Stacking is limited: two squads or two weapon teams or any combination plus one vehicle, with a gun counting as a squad. In fire combat there’s always only one firer. (So there is no massing of fire power). Anti-infantry fire affects every unit in the target hex. This simulates/encourages the historical practice of dispersion.

There is no Combat Results Table. You roll 1d10 and compare to the firing unit’s firepower, as adjusted. Roll less than or equal to the adjusted firepower and you get a suppression. Each target infantry type unit has a casualty rating (two for full strength units) and if your roll plus the casualty rating is less than or equal to the adjusted firepower you can inflict a step loss or elimination.

There is a rout phase, failure to rout can cause unit to be eliminated.

Melee phase is a deadly in this game, each squad rolls 2d10 and inflicting step losses for each roll of less than or equal to its firepower.

Recovery phase allows units to recover from the level of suppression they are at, Red suppression becomes yellow, and yellow suppression goes and Units lose their used markers.

Oh, I almost forgot there is also has the same decoy and concealing of units as its predecessor game. Concealing comes into play for units that are in say a building, so a conceal counter is placed on them; then there will be negative modifiers for a unit trying shooting at them.

The Decoys come into play based on the OOB for the scenario, these act like units, they move around and get shot at causing them to be revealed.

I hope this better summary of how the system works give you a better understanding of the game.

It’s a pretty neat and tidy system that is unlike other war games.

Also the next game for the series is title Band of Brothers: Texas Arrows, it follows the US 36th Infantry division through Italy, France and Germany during WWII.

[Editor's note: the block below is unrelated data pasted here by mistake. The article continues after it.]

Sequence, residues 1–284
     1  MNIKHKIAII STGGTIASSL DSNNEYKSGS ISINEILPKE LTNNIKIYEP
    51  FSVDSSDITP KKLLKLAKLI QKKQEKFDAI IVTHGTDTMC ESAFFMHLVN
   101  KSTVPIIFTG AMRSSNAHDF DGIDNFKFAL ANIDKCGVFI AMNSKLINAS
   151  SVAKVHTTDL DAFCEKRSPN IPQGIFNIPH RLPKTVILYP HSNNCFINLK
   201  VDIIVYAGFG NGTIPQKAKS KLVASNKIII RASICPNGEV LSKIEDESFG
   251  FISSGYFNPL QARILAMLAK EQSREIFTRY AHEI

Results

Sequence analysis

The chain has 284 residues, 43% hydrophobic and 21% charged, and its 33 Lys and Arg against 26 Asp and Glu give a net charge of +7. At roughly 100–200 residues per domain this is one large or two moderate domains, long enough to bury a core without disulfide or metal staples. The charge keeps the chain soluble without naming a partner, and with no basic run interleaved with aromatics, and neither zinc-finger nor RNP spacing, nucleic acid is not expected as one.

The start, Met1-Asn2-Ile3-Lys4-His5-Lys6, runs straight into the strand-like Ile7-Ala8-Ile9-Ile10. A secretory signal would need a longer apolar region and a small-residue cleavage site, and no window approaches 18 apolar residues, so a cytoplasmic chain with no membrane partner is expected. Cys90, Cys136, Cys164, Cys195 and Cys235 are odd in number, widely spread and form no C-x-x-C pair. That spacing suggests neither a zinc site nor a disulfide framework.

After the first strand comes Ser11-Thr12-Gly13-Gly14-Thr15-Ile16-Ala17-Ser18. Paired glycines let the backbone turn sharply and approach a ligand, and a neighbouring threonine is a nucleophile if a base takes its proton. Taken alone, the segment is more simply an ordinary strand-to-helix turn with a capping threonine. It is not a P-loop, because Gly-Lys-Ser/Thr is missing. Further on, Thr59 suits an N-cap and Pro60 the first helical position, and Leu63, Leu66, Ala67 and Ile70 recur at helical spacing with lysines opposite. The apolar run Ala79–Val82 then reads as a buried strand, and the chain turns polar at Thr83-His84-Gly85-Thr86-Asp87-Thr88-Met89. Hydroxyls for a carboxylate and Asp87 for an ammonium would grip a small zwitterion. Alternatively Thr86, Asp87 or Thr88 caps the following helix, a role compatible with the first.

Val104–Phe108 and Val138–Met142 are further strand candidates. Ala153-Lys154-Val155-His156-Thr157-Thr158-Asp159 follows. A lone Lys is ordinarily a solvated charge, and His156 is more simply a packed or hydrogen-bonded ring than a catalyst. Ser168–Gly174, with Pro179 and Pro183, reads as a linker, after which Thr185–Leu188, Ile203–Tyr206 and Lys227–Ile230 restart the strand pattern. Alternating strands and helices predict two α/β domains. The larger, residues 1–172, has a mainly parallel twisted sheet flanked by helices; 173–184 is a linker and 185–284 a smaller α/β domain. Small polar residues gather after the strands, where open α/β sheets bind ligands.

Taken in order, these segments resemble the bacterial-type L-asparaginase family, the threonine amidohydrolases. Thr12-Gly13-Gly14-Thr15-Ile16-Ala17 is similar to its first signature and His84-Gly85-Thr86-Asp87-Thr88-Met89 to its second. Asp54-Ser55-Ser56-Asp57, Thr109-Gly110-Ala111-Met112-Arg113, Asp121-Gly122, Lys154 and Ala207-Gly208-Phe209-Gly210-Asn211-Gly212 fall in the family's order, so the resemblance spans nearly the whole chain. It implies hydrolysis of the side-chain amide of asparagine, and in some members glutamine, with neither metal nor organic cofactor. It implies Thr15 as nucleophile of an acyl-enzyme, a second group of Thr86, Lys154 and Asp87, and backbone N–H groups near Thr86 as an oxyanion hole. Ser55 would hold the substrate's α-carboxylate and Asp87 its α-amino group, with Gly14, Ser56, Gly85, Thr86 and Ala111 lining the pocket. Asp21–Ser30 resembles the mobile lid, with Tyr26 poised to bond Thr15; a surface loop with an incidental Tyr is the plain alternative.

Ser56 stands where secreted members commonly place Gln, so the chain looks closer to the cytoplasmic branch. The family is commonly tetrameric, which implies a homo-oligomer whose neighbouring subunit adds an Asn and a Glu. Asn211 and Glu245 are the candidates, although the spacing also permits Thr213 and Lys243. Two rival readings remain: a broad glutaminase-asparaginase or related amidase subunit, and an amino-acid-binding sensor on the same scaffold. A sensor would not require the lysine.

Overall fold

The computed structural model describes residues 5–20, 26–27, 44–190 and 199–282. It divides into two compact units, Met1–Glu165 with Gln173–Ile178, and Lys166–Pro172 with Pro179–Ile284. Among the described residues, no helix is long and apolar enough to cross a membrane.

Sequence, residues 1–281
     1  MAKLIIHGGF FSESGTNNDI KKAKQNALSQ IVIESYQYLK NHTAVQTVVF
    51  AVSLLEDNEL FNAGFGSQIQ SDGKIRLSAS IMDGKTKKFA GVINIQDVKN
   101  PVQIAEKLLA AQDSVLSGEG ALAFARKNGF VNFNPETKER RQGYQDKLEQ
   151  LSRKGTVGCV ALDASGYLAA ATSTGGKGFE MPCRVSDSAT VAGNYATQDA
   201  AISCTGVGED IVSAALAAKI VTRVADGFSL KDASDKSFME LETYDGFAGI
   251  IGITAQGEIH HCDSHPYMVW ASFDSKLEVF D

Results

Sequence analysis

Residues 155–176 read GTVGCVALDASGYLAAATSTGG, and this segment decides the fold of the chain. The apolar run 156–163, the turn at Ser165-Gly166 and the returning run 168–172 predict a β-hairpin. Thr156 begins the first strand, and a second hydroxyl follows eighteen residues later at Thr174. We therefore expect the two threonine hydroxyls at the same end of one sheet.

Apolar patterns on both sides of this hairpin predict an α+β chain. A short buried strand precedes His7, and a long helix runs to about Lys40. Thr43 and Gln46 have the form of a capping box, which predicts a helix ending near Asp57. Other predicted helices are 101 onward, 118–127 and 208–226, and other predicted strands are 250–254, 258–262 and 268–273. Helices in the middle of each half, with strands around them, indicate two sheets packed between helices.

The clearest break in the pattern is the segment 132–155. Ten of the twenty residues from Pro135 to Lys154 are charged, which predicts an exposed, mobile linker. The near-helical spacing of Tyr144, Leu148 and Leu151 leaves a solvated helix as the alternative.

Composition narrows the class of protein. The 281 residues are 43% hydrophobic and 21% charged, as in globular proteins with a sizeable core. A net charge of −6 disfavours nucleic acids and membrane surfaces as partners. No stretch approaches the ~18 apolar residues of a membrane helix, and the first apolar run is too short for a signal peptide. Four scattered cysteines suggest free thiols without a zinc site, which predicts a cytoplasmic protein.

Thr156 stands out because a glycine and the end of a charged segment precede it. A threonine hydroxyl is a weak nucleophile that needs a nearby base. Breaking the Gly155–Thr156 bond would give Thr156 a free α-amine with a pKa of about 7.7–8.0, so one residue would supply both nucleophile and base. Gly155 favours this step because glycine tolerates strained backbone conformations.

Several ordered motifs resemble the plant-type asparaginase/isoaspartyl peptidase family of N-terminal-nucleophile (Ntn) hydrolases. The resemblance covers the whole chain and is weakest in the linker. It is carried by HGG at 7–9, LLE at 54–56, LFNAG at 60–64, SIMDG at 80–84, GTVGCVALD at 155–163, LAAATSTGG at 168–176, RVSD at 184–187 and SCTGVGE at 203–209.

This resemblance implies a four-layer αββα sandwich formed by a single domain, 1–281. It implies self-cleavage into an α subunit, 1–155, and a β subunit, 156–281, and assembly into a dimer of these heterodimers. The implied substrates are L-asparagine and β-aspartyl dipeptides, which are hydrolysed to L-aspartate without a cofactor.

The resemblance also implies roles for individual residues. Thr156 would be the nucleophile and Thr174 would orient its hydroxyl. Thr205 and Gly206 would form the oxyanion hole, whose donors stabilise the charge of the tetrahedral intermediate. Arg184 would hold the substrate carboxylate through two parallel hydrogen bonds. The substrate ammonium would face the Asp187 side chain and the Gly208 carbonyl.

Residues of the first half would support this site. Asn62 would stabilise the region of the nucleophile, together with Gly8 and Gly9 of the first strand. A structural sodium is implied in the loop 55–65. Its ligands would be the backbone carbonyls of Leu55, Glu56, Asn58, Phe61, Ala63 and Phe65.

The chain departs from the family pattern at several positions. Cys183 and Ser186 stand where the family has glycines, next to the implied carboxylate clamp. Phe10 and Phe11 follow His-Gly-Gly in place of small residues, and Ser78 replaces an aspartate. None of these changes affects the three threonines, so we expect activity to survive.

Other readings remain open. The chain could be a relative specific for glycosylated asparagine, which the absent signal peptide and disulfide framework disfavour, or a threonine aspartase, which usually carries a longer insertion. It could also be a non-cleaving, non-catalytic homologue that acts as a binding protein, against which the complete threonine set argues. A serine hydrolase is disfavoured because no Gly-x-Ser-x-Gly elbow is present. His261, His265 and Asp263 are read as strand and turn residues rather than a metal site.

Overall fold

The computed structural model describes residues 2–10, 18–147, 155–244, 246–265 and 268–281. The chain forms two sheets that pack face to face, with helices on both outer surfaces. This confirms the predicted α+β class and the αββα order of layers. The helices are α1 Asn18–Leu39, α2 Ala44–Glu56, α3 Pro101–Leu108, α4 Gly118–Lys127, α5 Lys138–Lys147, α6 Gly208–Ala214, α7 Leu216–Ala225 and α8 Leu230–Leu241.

8
Go to the King of Tokyo page

King of Tokyo

51 out of 57 gamers thought this was helpful

Well, this is another review of a game I don’t own but a friend does. This seems to be a trend with me lately. Once a month a group of friends meet up at a local gaming store to play Advance Squad Leader. On this particular day though we setup and started to play and we just didn’t have the mindset to play, beside we had made major mistakes in each of our first turns…so we decided to play his recently purchased copy of King of Tokyo that he bought for his upcoming game night. So without any further babble here is my review/thoughts.

Game play:
Game Type – Dice Game
Play Time: 20-45 Minutes
Number of Players: 2-6 (Best 3-4+)
Mechanics – Dice Rolling, Card Drafting, Conflict
Difficulty – Pick-up & Play (Can be learnt in 10 minutes), a pretty good filler game.
Components – Good, thick card board
Release – 2011

Components:
Game board
66 cards
6 monster boards
6 monster tokens with plastic stand
8 six-sided dice
50 energy tokens
28 tokens (to mark card effects)
Color Rulebook

Monster Cut-Outs and Stands: Each monster is represented using a large 2D cut out that slots into a loose fitting stand. The artwork is cartoonish, which fits the theme well. I’m not a big fan of the cut out slotted thing, but this works well for this game.